Children as urbanites in Helsinki and Tokyo

Project description

Increasingly, children are residing in urban environments, yet little is known about the urban affordances for children. A place-based approach was employed to map the urban experiences of over 1300 children residing in Helsinki (Finland) and in Tokyo (Japan) in terms of meaningful places (affordances), travel mode and accompaniment to these places. Shared affordances were considered behavior settings, and audited on-site by trained experts for their main function, land use, openness, and communality. Significant differences were found between countries for all affordance categories. Although differences in behavior settings were observed between countries, a number of patterns emerged: outdoor settings and those with shared communality were the most prevalent behavior settings, traffic settings were predominantly evaluated negatively and commercial and indoor settings most positively. Findings suggest that although the context is important, independent mobility and the possibility to actualize environmental affordances seem to be fundamental in both contexts as the key criteria for environmental child-friendliness.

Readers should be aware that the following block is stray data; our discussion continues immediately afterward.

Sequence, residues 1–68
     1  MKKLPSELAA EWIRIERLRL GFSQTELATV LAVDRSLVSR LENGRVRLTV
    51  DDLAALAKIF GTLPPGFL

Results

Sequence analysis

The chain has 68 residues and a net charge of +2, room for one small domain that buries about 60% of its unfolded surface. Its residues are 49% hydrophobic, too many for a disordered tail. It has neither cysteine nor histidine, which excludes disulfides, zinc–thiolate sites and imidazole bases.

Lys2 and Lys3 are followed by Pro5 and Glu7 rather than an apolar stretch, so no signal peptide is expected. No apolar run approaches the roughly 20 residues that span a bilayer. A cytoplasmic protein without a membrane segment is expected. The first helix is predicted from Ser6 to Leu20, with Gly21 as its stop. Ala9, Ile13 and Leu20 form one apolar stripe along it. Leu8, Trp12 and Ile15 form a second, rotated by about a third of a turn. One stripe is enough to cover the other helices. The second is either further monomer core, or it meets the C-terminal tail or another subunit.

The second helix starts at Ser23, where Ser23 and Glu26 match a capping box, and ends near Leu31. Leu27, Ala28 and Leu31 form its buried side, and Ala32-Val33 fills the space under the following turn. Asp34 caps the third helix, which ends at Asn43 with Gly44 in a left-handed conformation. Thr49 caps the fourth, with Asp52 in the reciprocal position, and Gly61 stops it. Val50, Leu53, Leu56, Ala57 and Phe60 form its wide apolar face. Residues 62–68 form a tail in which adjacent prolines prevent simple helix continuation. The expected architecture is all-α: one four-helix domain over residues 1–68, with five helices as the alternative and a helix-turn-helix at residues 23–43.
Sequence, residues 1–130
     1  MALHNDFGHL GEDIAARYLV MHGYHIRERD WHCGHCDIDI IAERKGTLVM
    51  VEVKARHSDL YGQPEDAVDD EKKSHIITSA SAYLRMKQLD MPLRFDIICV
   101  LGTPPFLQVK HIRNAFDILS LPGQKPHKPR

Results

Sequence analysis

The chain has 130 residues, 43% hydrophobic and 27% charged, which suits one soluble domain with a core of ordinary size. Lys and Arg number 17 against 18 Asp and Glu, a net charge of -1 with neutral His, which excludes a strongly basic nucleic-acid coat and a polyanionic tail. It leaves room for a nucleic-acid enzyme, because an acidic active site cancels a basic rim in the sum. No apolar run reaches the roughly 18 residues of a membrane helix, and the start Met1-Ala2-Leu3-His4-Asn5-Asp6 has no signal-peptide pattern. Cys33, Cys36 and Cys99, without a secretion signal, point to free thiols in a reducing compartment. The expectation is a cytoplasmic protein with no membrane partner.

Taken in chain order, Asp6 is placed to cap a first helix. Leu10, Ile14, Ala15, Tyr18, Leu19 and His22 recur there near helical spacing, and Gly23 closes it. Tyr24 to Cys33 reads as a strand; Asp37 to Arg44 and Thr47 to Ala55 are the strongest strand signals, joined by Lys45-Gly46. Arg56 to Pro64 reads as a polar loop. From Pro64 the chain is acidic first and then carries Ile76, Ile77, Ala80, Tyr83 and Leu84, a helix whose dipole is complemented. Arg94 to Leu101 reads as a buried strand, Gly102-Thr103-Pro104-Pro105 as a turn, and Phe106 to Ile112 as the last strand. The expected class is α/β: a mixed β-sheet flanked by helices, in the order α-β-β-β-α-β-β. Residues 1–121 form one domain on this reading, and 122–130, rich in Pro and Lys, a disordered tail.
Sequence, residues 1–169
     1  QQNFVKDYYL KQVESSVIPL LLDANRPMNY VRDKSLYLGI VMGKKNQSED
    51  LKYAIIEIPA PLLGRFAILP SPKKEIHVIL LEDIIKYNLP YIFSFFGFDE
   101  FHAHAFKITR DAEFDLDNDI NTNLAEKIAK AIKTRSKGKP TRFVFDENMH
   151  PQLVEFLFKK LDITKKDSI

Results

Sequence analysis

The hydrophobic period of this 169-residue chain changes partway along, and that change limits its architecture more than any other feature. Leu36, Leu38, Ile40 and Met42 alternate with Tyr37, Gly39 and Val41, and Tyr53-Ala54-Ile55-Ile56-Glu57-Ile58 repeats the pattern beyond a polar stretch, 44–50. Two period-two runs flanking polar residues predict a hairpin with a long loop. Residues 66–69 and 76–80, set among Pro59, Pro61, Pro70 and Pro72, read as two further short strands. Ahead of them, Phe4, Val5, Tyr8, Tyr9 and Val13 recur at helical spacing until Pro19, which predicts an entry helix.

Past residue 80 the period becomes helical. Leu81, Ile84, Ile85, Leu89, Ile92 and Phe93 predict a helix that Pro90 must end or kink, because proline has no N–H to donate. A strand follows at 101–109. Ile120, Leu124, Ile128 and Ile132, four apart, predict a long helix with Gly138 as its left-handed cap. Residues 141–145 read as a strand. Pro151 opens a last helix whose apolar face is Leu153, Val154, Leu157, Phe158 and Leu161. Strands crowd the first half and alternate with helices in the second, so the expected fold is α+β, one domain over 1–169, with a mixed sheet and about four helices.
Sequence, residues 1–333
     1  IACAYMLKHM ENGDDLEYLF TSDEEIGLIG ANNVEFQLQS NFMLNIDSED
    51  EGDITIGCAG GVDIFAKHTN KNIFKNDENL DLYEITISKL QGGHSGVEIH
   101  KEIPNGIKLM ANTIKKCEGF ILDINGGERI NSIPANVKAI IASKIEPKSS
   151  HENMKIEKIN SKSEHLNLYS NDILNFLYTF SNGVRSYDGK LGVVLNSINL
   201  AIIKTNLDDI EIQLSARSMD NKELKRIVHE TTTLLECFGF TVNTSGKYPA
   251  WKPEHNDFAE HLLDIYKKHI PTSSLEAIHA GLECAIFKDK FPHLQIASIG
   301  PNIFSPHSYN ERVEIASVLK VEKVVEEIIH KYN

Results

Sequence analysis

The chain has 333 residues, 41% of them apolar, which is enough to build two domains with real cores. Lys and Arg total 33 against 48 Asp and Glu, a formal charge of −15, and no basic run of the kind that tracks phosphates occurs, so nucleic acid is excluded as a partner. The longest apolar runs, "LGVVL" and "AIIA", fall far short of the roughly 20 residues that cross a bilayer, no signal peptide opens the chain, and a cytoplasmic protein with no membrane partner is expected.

Research themes

Child and age-friendly environments

Active living and urban lifestyles

Participatory planning

Project details

  • Start date:
    January 1, 2014
  • End date:
    December 31, 2016
  • Location:
    Helsinki, Tokyo
  • Funded by:
    Finnish Academy
  • Objectives:
    A place-based study of the ways children and young people use urban space

Project contact

Marketta Kyttä

Aalto University

Team members

  • Melody Oliver
  • Erika Ikeda
  • Ehsan Ahmadi
  • Ichiro Omiya
  • Tiina Laatikainen

Participating partners

Melody Smith

University of Auckland

Ehsan Ahmadi

University of Teheran

Erika Ikeda

University of Cambridge

Related publications

Kyttä, M., Oliver, M., Ikeda, E., Ahmadi, E.. Omiya, I., & Laatikainen, T. (2018). Children as urbanites: Mapping the affordances and behavior settings of urban environments for Finnish and Japanese children. Children’s Geographies, 16(3), 319–332. doi.org/10.1080/14733285.2018.1453923

Participatory Mapping Institute
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